Explore Oxford Libraries, museums, and archives Archives Exhibits Oxford County Gaol Hangings Timothy Topping
Menu

Timothy Topping

There was one planned execution that never occurred at the Gaol, as intended. Timothy Topping was to be hanged on June 16, 1874, for crimes he had committed the previous year. On December 21, 1873, Topping, of West Oxford Township, killed his four youngest children and his wife with an axe before attempting to kill himself but was stopped by his older children.  Following the failed suicide attempt, Timothy sat down and wrote a confession letter of his crimes, saying he did it out of love. It was believed that with his business affairs failing and the death of his oldest daughter Jane ten years prior, he struggled with depression and was fearful that he would be unable to provide for his family and they would become  destitute.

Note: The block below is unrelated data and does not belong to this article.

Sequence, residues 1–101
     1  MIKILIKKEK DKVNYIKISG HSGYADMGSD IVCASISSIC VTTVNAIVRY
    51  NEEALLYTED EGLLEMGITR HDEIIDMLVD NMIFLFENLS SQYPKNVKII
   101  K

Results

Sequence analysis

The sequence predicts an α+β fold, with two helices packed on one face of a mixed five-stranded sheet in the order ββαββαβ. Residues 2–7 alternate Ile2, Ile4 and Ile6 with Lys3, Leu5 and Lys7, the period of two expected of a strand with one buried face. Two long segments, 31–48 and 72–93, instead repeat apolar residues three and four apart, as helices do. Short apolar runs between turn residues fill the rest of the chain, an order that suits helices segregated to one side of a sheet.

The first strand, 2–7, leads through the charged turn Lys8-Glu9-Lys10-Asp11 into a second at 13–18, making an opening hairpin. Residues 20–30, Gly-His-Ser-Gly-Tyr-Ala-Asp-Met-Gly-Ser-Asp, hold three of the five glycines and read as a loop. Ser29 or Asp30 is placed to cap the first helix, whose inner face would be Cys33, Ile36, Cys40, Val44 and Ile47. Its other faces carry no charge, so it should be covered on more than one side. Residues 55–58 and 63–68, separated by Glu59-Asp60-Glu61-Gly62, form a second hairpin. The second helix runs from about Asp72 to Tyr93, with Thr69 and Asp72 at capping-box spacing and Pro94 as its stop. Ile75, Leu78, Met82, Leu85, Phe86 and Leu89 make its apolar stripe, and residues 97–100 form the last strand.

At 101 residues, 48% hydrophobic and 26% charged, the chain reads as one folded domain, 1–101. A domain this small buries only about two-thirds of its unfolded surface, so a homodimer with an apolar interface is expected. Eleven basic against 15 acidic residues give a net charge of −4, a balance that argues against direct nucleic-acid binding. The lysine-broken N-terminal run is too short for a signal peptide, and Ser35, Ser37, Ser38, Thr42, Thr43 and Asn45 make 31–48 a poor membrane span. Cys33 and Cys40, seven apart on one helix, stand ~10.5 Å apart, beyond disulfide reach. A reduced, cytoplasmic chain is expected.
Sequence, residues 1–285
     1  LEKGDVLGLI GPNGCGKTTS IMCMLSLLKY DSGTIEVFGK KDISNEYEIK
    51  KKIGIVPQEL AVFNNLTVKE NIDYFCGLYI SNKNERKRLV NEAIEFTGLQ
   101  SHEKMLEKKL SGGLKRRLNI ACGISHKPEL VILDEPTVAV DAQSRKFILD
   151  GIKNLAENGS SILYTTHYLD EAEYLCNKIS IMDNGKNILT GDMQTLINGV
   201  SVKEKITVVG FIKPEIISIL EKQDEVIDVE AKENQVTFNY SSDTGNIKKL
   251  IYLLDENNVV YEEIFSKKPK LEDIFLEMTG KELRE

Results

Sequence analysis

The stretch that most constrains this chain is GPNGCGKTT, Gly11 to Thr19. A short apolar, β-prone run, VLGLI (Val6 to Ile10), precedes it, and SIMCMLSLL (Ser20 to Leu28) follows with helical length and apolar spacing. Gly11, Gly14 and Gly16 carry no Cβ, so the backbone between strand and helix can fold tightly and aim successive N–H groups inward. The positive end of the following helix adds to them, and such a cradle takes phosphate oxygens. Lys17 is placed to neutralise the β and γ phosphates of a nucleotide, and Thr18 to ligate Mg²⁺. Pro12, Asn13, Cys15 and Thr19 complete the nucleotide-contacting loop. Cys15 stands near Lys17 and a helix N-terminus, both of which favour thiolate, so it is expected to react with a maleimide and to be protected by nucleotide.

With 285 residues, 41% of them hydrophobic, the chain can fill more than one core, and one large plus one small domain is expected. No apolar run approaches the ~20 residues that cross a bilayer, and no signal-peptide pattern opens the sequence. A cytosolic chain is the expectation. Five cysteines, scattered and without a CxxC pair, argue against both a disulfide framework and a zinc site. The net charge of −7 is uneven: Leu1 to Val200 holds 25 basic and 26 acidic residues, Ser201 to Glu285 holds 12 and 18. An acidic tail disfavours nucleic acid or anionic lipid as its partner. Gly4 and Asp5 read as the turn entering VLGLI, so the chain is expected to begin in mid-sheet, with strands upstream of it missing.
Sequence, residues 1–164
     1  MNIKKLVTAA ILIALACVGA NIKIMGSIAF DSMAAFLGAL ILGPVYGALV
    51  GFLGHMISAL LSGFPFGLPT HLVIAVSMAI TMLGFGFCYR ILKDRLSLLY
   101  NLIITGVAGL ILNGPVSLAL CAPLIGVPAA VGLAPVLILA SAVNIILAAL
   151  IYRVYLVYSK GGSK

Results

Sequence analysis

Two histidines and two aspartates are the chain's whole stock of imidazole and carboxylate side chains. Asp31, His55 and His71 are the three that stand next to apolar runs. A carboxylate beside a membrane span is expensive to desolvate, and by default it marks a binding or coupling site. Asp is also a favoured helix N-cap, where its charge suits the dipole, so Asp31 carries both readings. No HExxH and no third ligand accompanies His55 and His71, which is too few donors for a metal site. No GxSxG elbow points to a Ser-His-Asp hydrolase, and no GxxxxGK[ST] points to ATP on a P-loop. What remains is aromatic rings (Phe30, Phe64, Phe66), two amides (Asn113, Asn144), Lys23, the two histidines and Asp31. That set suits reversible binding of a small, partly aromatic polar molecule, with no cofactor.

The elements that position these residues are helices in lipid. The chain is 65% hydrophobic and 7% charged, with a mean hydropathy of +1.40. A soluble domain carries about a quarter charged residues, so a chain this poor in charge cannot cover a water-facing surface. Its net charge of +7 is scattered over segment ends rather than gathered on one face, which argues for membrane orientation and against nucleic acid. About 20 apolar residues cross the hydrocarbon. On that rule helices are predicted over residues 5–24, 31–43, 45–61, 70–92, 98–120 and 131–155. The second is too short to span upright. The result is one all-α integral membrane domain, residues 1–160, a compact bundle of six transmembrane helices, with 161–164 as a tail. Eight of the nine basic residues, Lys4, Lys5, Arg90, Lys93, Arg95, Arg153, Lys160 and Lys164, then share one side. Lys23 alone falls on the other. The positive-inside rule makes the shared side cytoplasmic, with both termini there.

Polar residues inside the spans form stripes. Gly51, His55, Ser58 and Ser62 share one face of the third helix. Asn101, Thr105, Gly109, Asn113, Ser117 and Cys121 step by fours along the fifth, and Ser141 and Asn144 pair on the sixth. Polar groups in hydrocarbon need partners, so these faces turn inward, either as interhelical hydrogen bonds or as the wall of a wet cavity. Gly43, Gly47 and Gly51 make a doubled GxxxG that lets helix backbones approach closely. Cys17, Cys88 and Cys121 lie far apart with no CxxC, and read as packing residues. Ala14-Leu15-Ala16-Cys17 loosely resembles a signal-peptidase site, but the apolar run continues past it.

Topping was tried in April 1874, where several medical experts held that Topping was of “unsound mind” at the time of the crime.  Regardless, he was found guilty and sentenced to hang on June 16th. While awaiting his execution, he was sent to the London   Lunatic Asylum where he lashed out at a guard who struck him in the head with a night stick, killing him almost instantly.

Oxford County is taking steps to support our community's response to COVID-19 (coronavirus disease) and measures taken by Southwestern Public Health. We are monitoring our operations daily to ensure we are taking the right actions to protect our residents, employees and visitors. Get updates at www.oxfordcounty.ca/COVID-19